Can Congress secure U.S. borders with a high-tech virtual fence? If the fate of the hotly debated anti-immigration reform bill rested solely on the success of Arizona's high-tech virtual fence, supporters would be sorely disappointed. The high-tech experiment on a 28-mile stretch of Arizona's border with Mexico is having technical difficulties, reports the Arizona Republic. The virtual fence, a network of remote cameras and sensors around Sasabe, AZ, northwest of Nogales, is the Department of Homeland Security's prototype for a 6,000-mile virtual fence along the Canadian and Mexican borders. But there have been problems and the launch has been postponed.
"It is our expectation that these glitches get fixed and fixed immediately. We are simply not going to provide a tool to our front-line people that's not ready," Homeland Security spokesman Russ Knocke said.
The passage of the anti-immigration bill rests on whether the virtual fence is capable of guarding U.S. borders. Until the border is secured, key provisions dealing with visas and guest workers would not be enacted.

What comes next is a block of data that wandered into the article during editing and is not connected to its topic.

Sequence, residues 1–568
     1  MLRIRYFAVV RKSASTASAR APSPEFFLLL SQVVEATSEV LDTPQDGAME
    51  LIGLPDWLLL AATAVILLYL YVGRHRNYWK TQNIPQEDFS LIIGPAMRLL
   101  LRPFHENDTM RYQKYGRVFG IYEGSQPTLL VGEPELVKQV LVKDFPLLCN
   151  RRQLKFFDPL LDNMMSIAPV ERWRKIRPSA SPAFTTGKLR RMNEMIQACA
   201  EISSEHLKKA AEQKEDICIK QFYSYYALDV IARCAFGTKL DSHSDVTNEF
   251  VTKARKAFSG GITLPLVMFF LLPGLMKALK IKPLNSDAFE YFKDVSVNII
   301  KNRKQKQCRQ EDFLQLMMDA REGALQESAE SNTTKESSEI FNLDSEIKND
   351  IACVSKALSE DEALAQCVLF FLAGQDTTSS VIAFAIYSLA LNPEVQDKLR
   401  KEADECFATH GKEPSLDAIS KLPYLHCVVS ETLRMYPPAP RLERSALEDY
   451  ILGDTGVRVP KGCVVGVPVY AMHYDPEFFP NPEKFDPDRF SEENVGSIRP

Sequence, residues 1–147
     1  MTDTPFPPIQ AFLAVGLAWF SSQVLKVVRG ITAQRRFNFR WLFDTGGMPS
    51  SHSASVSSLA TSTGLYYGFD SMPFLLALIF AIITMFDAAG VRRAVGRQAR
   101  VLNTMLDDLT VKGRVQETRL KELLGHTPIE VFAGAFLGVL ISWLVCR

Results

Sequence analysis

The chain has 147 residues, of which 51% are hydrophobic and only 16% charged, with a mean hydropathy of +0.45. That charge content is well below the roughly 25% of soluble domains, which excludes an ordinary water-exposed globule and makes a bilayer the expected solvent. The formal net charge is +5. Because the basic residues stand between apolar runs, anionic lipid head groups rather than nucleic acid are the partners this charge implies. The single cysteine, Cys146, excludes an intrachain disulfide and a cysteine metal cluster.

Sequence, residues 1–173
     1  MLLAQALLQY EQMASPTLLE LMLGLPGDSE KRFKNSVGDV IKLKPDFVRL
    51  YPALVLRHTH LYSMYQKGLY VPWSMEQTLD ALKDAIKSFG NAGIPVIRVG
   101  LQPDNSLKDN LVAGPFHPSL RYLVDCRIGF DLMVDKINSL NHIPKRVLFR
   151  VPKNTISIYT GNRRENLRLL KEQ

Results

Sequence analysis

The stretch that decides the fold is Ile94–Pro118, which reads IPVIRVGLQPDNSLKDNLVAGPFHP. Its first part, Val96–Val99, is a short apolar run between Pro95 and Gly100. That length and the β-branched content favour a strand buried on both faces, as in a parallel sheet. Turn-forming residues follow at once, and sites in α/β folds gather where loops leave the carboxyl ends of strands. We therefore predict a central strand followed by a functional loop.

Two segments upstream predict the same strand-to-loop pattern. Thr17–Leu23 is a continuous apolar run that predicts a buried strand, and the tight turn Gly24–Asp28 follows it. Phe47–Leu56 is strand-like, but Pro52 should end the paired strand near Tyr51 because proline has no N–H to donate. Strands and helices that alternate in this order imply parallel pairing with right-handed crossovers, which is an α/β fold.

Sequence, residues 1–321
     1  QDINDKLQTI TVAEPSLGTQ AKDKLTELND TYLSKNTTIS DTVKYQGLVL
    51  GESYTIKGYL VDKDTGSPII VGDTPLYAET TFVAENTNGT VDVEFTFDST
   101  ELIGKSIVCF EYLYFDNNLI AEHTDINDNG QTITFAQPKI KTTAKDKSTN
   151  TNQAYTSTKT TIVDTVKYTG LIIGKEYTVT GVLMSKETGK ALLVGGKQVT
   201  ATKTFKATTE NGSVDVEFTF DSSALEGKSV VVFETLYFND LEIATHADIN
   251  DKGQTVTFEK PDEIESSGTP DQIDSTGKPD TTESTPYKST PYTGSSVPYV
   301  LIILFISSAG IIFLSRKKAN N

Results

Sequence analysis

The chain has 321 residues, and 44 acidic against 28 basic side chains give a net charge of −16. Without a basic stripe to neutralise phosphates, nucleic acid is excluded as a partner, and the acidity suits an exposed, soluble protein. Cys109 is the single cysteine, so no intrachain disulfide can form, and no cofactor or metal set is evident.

The Boeing Corp., which won the $20 million contract to install the fence, is slated to installed nine portable 98-foot towers, cameras, radar and ground sensors. The cameras and sensors are all networked in order to up-to-the-second pictures of all the activity in their areas. But there have been delays and inconstancies and software glitches.
"This is probably much more experimental than they've let on," said Donald Kettl, the director of the Fels Institute of Government at the University of Pennsylvania, who has reported extensively and testified before Congress about the department's track record. "As is often the case with Department of Homeland Security projects, it is a very hard problem, and they are trying cutting-edge technology."